Las Vegas’ rental market speeds up with rising prices
Demand is fierce and inventory is minimal in the Southern Nevada rental home market, where a report shows prices have jumped 11.3 percent year over year in April.
Updated May 21, 2021 - 9:13 am
With a barrage of buyers going after a small supply of listings, Las Vegas’ housing market is accelerating at a rapid pace.
But across the valley, homebuyers aren’t the only ones facing higher prices and fewer choices.
Southern Nevada rental prices are rising at one of the fastest rates in the nation, a new report shows, and real estate pros say demand is fierce and inventory is minimal.
“It really is unprecedented,” said Brian Hartsell, owner of Key Property Management.
Las Vegas-area rental home prices jumped 11.3 percent year over year in April, to a typical rate of $1,460 per month, according to a report this week from listing site Zillow.
The valley’s rent growth was fourth highest among the 50 metro areas listed in the report, behind only Memphis, Tennessee (11.8 percent), Phoenix (13.4 percent) and Riverside, California (14.9 percent). Nationally, prices rose 3 percent in the past year, according to Zillow, whose report covers all types of rental homes.
Like other industries, Las Vegas’ rental market faced turmoil and questions after the coronavirus pandemic hit. Many tenants tapped unemployment benefits, stimulus funds or other programs to pay their rent amid huge job losses, and landlords have faced heightened competition from the for-sale market as rock-bottom mortgage rates fuel a homebuying frenzy.
But as people work from home without the need for a commute and as sellers who cashed in on the buying binge need a place to live until their new house is ready, plenty of people are looking for rentals.
‘There’s no worry’
Audri Schultz, leasing coordinator with property management firm Shelter Realty, said that within an hour of listing a home, 15 agents are calling to show it to someone or to fill out a rental application.
“People are getting desperate,” she said. “They’re not viewing them first. They’re applying sight unseen.”
Schultz also said that at least 50 percent of her landlord clients are raising rents now, compared with maybe 20 percent at any given time before the pandemic.
Low inventory and high demand are making it increasingly difficult to find a place. Landlords aren’t worried their tenants will move out, Schultz said, unlike in the past when they were concerned about losing a renter and how long the home would sit empty before someone moved in.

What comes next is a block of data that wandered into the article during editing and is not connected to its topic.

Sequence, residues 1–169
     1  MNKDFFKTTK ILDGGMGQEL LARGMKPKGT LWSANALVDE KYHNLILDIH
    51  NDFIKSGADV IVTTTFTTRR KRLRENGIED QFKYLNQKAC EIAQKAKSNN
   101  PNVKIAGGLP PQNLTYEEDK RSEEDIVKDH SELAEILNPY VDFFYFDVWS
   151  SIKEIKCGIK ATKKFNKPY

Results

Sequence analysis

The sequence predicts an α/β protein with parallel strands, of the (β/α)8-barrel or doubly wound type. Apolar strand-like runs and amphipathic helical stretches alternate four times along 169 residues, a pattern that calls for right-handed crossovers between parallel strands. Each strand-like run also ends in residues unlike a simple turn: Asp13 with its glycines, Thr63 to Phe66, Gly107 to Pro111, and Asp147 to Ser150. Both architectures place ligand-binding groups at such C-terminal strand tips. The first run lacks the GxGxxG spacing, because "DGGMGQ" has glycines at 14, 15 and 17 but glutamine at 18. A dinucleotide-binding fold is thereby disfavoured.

“There’s no worry now,” she said. “Absolutely none.”
Hartsell, of Key Property, said the supply of available rentals across the valley is the lowest he’s seen in his 20-year career. As seen on a search of the region’s main listing service Thursday morning, only about 990 homes were available for rent, he said.
Not every rental goes into that database, but a “comfortable” market would have around 5,000 available units, Hartsell said.
‘The demand is incredible’
Government-ordered eviction freezes — aimed at keeping people in their homes amid the pandemic and the soaring unemployment brought on by the outbreak — have probably crimped the number of rental units that could have become available in the past year.
But as Hartsell noted, Las Vegas is also seeing an influx of people from more-expensive markets who are coming here to work from home or to retire.
Landlords know that their tenants don’t have many options if they want to move out, helping fuel the rent hikes, he said.
Robert Broad, senior vice president of development for the Western U.S. at American Homes 4 Rent, a dominant landlord in Southern Nevada and other markets, said his firm has more than a dozen rental-housing tracts in various stages of development in the Las Vegas area.
Most of its homes in the valley have a signed tenant in place before the newly built place is ready for move-in, he indicated.
“That’s not been the past experience,” he said. “The demand is incredible.”
Contact Eli Segall at firstname.lastname@example.org or 702-383-0342. Follow @eli_segall on Twitter.